5 Important Things You Cannot Learn From Business School
“Failure is our most important product”, says Robert Johnson Jr. co-founder of Johnson and Johnson, who was worth $1 billion at his death in 1968. To this day, J and J, a 400 billion dollar company, consciously encourages trying a lot of new things, keeping what works and quickly discarding those that don’t. This approach promotes an environment that encourages individual initiative and allows people to experiment on new ideas. Businesses that do not evolve die. This is the typical kind of lesson you learn from business school.
At graduation from school, you felt on top of the world. You survived all the cramming, testing, projects and exams. You are officially ready to take on the world. Suddenly, you realize that what you did in school and the real world are two different things. How often do you experience something in real life and say, “yea, I remember we were taught this in school?” The school has its benefit in some use cases and professions. But if you are learning about the business world, there are many important lessons you cannot learn from school. You have to experience them to learn from them.
I’ll share with you 7 important lessons you cannot learn from business school. Before we get to it, be sure to subscribe to this site for more insightful articles like this one.
1. How to adapt with change
The best plan fails at first attack with the enemy. Because the reality is different from theory. The success of Wal-Mart is frequently taught in microeconomics textbooks and MBA strategic planning courses. But Jim Walton, son of Sam Walton the founder of Wal-Mart finds what they teach rather amusing. While these outsiders viewed his dad as a grand strategist who intuitively developed complex plans and implemented them with precision, Jim said his dad worked on the principle of change; trying out a lot of ideas, discarding the ones that fail and keeping those that work. What people see are the few things that worked, not the many that didn’t work. According to Jim, the corporate strategic courses totally fail to capture how Wal-Mart arrived at its competitive advantage. They study what works for businesses, but often fail to capture how the businesses arrived at what worked. As a Wal-Mart executive described, “We live by the motto, ‘Do it. Fix it. Try it.’ If you try something and it works, you keep it. If it doesn’t work you fix it or try something else.”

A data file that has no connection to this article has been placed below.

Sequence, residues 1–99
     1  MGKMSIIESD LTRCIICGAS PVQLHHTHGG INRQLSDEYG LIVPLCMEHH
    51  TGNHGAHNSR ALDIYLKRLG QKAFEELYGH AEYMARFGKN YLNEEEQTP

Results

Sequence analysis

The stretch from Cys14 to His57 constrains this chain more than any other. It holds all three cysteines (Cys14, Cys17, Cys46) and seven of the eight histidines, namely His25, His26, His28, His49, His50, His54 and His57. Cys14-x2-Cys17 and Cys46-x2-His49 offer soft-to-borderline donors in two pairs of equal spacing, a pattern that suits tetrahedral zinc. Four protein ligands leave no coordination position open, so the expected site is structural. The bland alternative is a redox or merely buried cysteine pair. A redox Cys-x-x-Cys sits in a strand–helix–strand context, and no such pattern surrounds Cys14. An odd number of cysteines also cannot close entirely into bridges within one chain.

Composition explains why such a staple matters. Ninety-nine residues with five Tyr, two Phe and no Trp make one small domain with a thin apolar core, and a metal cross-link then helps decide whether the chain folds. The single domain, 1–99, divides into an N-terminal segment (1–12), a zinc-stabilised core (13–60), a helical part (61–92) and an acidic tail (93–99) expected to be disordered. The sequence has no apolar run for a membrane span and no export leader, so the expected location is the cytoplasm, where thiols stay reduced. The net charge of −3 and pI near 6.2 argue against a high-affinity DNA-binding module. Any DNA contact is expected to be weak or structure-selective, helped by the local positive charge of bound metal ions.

2. How to Innovate
Let’s take one more lesson from Wal-Mart. At business school, you could learn about Wal-Mart’s famous ‘people greeters; as a genius idea of customer service coming from a grand plan or strategy. But the story is rather less dramatic. What happened was that a store manager was having trouble with shoplifters. So he tried an experiment. He put a friendly older gentleman by the front door to ‘greet’ people on their way in and out. The people greeter made honest people welcome and send a message to the potential shoplifter that someone will see them if they tried to walk out with the stolen item. This odd experiment proved effective and eventually became standard practice across the company and a competitive advantage for Wal-Mart.
Sometimes, and note the word, ‘some times’, the best ideas and innovation come from common sense and not from some strategic corporate brainstorming. It may feel more intelligent to look at all successful businesses as primarily a product of brilliant foresight and strategic planning. But that is not always the case. You will often find that it’s largely a result of trying a lot of experiments, seizing opportunities, keeping what works and fixing or discarding what doesn’t. For instance, no business training could have prepared you for the 2020 pandemic and its economic effect. It then takes a creative imagination to innovate new ways to stay afloat and thrive.
3. Having a clear vision